Unless you live with chronic pain, it’s impossible to understand how far it reaches into every aspect of your life. It’s not only about managing the physical pain and your mental health. It’s also about modifying everything you do, including holding a steady, full time job. That’s why taking a proactive approach to managing your chronic pain in the workplace is an vital component to your overall health and well-being.
Chronic pain at work 101
For millions of employees with chronic pain, workdays require long commutes and hours of sitting at a desk using various types of technology as well as early mornings and late evenings. Others work in industries that require constant physical activity like teaching, construction, retail or restaurants. While the jobs themselves may be rewarding, the work environments can make pain levels worse.
Whether you’re on your feet all day or confined to a desk, a full time job can quickly take its toll on you, especially if you suffer from a chronic pain condition like a herniated or bulging disc, degenerative disc disease (DDD), rheumatoid arthritis or fibromyalgia.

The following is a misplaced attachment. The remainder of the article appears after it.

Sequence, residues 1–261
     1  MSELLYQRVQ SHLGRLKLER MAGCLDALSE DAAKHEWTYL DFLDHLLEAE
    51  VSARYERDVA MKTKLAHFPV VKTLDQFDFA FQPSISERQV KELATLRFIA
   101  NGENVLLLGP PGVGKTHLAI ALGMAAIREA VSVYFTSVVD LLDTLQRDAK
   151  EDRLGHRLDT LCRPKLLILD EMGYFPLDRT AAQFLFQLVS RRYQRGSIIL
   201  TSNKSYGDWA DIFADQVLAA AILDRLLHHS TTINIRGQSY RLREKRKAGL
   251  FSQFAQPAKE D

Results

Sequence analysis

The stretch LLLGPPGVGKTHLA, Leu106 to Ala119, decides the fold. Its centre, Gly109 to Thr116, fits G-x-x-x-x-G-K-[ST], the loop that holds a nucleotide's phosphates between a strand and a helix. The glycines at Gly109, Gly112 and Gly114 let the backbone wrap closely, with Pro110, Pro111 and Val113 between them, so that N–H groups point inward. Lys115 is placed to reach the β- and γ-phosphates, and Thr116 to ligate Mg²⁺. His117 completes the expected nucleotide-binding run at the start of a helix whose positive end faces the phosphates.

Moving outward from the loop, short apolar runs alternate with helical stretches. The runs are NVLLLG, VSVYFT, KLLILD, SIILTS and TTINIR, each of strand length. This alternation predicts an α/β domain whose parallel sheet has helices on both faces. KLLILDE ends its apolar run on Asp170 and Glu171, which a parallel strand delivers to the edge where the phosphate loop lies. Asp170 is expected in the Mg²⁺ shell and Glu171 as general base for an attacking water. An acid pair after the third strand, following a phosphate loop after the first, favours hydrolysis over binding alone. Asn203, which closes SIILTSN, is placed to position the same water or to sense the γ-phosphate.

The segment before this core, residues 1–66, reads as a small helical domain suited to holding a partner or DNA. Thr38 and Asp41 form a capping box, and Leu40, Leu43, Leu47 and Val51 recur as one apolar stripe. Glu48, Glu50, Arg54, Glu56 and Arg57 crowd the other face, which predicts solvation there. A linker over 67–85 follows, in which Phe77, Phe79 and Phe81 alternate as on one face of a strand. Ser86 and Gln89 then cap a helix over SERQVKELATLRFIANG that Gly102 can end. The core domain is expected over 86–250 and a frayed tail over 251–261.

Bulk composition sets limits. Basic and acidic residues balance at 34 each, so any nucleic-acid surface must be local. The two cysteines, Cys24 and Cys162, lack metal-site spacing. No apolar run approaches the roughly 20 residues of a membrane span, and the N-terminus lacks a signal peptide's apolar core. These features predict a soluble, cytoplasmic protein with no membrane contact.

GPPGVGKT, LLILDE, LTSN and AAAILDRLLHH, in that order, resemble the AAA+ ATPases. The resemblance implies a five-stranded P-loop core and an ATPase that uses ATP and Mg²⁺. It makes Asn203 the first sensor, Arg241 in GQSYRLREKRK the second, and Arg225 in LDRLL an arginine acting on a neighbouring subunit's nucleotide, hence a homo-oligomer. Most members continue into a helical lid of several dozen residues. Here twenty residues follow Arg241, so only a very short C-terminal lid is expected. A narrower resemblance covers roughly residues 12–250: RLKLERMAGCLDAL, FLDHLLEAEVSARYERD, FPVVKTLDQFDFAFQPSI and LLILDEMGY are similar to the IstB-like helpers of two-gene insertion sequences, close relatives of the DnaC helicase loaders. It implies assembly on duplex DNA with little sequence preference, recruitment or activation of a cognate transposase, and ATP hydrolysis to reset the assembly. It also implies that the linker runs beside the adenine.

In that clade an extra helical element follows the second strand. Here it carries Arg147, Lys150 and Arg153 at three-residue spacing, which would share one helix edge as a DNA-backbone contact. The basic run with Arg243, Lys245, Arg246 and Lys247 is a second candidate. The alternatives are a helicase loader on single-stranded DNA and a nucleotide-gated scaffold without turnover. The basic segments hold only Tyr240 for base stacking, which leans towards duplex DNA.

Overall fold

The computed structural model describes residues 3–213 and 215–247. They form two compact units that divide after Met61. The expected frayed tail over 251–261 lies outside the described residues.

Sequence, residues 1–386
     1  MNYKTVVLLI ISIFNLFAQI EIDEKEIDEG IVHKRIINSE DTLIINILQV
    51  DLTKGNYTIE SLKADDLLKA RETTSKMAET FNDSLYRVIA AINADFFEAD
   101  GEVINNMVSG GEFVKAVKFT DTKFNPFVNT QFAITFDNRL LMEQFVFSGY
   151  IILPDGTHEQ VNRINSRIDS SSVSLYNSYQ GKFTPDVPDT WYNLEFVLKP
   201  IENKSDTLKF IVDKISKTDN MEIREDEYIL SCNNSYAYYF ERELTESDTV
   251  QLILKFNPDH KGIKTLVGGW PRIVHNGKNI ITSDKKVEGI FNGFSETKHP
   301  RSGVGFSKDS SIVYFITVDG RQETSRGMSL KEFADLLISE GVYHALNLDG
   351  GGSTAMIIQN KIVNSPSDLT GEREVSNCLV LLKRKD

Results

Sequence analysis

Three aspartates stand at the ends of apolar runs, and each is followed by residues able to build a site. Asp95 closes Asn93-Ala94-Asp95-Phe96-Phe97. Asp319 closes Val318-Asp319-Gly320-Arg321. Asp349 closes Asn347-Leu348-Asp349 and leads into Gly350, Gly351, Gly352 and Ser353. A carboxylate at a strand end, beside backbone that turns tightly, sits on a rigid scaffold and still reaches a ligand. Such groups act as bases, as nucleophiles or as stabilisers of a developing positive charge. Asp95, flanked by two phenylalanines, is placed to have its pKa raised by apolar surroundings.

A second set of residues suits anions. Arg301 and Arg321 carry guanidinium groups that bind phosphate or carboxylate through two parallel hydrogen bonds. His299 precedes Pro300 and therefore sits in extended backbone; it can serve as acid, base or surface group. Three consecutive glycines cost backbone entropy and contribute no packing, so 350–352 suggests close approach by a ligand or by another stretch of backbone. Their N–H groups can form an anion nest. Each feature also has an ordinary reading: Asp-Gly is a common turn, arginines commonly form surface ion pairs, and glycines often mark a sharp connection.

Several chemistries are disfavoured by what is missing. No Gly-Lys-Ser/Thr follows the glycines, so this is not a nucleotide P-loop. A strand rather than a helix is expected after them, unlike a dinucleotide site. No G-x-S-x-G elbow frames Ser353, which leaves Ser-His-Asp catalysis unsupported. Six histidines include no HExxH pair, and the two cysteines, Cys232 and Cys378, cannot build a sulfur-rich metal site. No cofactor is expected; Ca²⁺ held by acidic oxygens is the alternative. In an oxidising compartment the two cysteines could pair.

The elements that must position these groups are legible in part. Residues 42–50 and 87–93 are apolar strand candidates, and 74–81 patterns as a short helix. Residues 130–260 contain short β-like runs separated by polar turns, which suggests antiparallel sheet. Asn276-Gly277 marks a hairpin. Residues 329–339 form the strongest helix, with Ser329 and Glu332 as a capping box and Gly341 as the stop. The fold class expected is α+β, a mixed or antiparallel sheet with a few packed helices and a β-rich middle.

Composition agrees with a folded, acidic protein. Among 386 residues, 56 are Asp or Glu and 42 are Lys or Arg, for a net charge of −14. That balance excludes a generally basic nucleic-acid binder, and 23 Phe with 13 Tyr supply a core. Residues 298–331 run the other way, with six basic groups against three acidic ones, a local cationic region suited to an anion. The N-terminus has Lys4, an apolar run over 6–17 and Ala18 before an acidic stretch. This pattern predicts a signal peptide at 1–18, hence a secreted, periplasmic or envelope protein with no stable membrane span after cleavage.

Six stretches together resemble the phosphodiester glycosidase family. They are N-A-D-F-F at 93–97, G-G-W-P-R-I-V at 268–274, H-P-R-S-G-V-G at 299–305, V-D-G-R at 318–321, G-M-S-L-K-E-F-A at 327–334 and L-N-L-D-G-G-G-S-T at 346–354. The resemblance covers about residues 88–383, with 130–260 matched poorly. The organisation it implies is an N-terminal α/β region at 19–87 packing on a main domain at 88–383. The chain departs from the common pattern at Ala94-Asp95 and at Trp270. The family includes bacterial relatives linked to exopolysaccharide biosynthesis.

The best thing you can do when it comes to managing chronic pain in the workplace is to be realistic about your expectations and steadfast with your self care plan. A comprehensive self care plan includes managing your physical pain and the psychological effects it can have on you. If you can strike a balance between the two, that goes a long way towards helping you be a productive employee.
Want to know more about creating a self care plan? Check out this video:
Understanding your legal rights to disability accommodations
The first step in creating your pain management plan in the workplace starts with understanding your rights. Under the American Disabilities Act (ADA), employers are required to provide “reasonable” accommodations for employees with disabilities. This means you can request any accommodation that is considered reasonable.